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While we await the invocation of Article 50 of the Lisbon Treaty to trigger the UK’s departure from the European Union (EU) and the start of negotiations, information security professionals should bear in mind a couple of key points.
The UK is still a member of the European Union and will remain so until the process of exiting is complete, which will be in the second half of 2018 at the earliest.
Until this time, at least, UK organisations must continue to prepare for and comply with EU legislation.
This includes the EU General Data Protection Regulation (GDPR), coming into force in May 2018, before Brexit is complete.
UK-based organisations should continue to prepare for compliance with this regulation; following Brexit many UK organisations will still hold personal data on EU citizens and as such compliance with GDPR will still be required.
Another relevant piece of legislation is the EU Network and Information Security (NIS) directive, coming into force in August 2016.
This directive aims to protect critical infrastructure and sets common cyber security standards and reporting requirements for applicable organisations, such as those in industries such as energy, transport and health. The UK government has just over two years to implement the directive and identify relevant organisations for compliance.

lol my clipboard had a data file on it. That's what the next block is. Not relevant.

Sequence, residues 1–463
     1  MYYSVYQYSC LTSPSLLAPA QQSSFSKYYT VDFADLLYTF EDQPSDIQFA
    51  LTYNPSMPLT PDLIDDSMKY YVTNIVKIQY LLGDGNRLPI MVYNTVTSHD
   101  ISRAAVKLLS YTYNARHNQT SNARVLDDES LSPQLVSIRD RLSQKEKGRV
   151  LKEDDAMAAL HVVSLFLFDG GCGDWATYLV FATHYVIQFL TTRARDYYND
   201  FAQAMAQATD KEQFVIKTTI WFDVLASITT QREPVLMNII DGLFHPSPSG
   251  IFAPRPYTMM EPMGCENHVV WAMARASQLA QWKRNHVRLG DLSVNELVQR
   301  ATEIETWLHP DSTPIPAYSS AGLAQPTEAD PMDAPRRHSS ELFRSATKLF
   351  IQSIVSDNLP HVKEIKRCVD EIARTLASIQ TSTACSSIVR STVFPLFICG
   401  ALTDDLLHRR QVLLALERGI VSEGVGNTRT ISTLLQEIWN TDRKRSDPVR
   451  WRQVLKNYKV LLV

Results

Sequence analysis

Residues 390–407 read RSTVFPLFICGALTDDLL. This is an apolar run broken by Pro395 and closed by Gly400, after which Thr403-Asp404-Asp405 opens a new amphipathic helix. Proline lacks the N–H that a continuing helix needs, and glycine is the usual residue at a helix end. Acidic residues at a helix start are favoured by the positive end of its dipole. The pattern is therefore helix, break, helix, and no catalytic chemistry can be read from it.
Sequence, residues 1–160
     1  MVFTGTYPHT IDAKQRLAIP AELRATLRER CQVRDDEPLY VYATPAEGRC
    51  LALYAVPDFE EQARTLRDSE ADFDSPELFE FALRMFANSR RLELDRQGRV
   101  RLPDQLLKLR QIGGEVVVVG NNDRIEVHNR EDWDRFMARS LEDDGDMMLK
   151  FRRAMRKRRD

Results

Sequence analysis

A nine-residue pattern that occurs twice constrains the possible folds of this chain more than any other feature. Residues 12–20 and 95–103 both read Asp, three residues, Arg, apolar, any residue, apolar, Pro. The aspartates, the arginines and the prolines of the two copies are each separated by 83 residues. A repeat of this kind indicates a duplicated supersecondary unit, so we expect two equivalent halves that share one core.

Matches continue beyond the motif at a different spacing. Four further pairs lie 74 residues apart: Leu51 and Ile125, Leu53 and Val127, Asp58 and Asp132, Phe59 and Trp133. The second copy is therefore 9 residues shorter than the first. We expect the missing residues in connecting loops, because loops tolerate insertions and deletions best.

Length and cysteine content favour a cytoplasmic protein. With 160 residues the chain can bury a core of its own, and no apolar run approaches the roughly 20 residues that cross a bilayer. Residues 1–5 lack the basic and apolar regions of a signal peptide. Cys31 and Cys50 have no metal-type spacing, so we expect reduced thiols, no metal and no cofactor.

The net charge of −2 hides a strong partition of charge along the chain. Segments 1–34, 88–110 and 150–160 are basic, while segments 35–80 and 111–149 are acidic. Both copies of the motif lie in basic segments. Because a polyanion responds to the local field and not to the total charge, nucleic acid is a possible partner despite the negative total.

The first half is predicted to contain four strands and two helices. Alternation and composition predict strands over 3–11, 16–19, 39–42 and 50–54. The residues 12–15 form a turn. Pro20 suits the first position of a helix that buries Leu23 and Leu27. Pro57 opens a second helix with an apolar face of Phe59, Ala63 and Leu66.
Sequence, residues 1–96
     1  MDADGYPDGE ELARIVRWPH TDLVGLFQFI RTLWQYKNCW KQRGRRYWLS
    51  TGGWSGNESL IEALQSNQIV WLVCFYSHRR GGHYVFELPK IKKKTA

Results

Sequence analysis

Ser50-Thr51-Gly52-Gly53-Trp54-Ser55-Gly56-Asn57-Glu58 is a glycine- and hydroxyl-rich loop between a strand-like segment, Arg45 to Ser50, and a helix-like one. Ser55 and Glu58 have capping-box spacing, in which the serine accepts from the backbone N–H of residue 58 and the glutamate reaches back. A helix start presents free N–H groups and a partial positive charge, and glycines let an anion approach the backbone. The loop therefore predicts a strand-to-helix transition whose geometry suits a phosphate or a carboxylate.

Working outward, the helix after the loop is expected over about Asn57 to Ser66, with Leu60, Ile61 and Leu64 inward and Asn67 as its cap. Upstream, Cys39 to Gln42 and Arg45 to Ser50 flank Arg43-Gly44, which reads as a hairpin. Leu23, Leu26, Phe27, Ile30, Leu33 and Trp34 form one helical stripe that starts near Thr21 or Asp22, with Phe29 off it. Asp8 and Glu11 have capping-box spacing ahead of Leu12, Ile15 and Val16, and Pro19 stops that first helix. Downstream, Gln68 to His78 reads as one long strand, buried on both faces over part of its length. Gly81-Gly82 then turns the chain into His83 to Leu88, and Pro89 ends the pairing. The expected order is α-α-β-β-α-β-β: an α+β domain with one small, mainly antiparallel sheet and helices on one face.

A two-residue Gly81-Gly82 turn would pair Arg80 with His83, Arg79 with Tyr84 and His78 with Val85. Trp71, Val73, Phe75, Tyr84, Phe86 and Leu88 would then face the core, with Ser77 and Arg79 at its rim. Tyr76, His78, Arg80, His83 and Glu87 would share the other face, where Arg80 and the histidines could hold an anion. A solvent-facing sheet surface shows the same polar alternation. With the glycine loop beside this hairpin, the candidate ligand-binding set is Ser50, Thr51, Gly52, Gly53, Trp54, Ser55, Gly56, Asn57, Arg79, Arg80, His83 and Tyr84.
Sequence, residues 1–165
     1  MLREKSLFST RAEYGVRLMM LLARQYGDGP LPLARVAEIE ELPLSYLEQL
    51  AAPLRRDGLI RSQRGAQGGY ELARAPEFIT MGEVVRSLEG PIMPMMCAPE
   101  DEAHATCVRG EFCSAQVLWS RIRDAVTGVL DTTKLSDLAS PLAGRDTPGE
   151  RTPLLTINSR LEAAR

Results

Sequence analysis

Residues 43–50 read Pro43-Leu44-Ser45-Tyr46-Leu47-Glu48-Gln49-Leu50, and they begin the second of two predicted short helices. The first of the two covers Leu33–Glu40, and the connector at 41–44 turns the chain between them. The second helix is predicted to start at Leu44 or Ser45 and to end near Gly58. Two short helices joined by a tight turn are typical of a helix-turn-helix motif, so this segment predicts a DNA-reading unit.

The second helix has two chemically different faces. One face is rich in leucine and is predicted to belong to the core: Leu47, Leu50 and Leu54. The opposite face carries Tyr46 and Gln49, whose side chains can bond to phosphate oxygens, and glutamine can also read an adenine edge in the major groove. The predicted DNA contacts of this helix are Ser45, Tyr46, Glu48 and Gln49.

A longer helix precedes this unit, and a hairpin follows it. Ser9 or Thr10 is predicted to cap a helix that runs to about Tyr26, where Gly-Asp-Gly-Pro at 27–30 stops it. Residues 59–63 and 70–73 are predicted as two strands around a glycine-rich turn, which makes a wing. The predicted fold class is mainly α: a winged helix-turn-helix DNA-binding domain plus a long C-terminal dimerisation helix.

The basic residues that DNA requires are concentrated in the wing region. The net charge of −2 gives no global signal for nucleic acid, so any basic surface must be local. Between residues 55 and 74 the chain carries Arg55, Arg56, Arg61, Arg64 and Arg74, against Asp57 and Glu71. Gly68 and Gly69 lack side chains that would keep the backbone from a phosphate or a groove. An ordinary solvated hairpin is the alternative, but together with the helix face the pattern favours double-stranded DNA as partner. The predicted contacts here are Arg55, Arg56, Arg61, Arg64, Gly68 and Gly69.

Many leaders are nervous about the as yet unseen effects of Brexit on their business. Those areas of organisations that struggle to demonstrate return on investment (ROI) – such as cyber security – could well have their budgets hit by this nervousness.
Read more from Computer Weekly’s Security Think Tank about the impact of Brexit on security pros
Preparing for and opening budget negotiations early can help reinforce the business case for continued investment.
However, currently, nothing has changed – we must focus on “business as usual”. As information security professionals we must not prioritise the potential implications of Brexit over the day-to-day demands of maintaining vigilance and keeping our organisations safe from attack.
Maxine Holt is principal analyst at the Information Security Forum (ISF).